UK

BBC Election Debate 2017: BBC Dismisses Tory And Ukip Claims Of Audience 'Bias'

Splashed on the Mail's front page.

31/05/2017 23:51 BST | Updated 01/06/2017 00:05 BST

The BBC has brushed off claims of bias during its high-profile leaders’ debate, with Conservative and Ukip supporters leading a chorus of disapproval.

The suggestion criticism of Labour leader Jeremy Corbyn was jeered by the Cambridge audience while Conservative Amber Rudd and Ukip’s Paul Nuttall were given a frostier reception prompted complaints on social media.

From a former senior adviser to Conservative Cabinet ministers ...

 ... to Ukip leaders past and present.

The idea of BBC bias even landed on the Daily Mail splash.

Many journalists on Twitter seemed to suggest the story was based on this tweet by a journalist on a left-leaning magazine.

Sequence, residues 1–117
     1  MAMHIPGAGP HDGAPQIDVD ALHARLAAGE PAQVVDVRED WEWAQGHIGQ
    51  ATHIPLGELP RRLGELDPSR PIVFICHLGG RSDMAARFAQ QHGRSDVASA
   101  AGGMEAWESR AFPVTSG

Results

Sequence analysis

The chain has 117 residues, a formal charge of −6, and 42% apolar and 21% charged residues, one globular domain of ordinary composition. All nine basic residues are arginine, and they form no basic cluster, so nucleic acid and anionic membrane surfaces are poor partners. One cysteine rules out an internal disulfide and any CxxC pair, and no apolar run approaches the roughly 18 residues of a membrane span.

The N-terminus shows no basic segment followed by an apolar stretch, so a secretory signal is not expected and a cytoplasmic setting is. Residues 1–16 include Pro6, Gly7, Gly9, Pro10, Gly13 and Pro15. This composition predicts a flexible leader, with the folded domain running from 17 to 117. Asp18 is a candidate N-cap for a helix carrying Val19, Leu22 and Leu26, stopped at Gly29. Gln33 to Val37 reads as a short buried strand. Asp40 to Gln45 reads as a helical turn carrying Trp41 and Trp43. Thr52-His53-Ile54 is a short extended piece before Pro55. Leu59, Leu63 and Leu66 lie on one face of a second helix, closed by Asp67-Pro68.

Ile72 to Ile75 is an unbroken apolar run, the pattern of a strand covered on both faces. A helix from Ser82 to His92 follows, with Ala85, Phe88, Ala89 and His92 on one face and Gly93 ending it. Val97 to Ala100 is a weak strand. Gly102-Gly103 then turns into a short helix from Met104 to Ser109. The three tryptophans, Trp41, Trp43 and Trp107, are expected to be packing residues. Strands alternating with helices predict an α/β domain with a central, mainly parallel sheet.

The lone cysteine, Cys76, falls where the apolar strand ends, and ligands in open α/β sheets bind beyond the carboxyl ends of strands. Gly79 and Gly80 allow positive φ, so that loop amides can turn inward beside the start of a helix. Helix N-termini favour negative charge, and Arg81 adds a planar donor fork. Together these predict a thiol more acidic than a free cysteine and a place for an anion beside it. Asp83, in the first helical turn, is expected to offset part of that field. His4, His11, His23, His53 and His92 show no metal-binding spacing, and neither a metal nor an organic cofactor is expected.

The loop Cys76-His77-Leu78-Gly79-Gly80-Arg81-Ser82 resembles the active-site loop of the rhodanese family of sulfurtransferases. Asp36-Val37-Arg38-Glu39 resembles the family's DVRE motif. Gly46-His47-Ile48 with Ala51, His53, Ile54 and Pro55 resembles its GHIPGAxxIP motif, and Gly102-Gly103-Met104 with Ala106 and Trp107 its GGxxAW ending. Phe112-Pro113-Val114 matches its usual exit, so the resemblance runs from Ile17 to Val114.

But that isn’t true, as the Mail’s report includes a quotation from former Tory Party leader, Iain Duncan Smith.

The ex-Cabinet minister said: “’Obviously there are questions for the BBC to answer … It’s quite clear there was an anti-Tory bias in the audience, which wasn’t there in the Channel 4 programme on Monday.”

The Mail also quoted ITV’s Political Editor. 

In any case, the BBC offered a robust denial.

A BBC spokesman said:

“The BBC commissioned polling company ComRes to recruit an audience that is representative of the country demographically and politically.

“They have lots of experience doing this.

“This covered age; gender; ethnicity; socio-economic; party politics; how they voted in EU referendum; and some undecided.”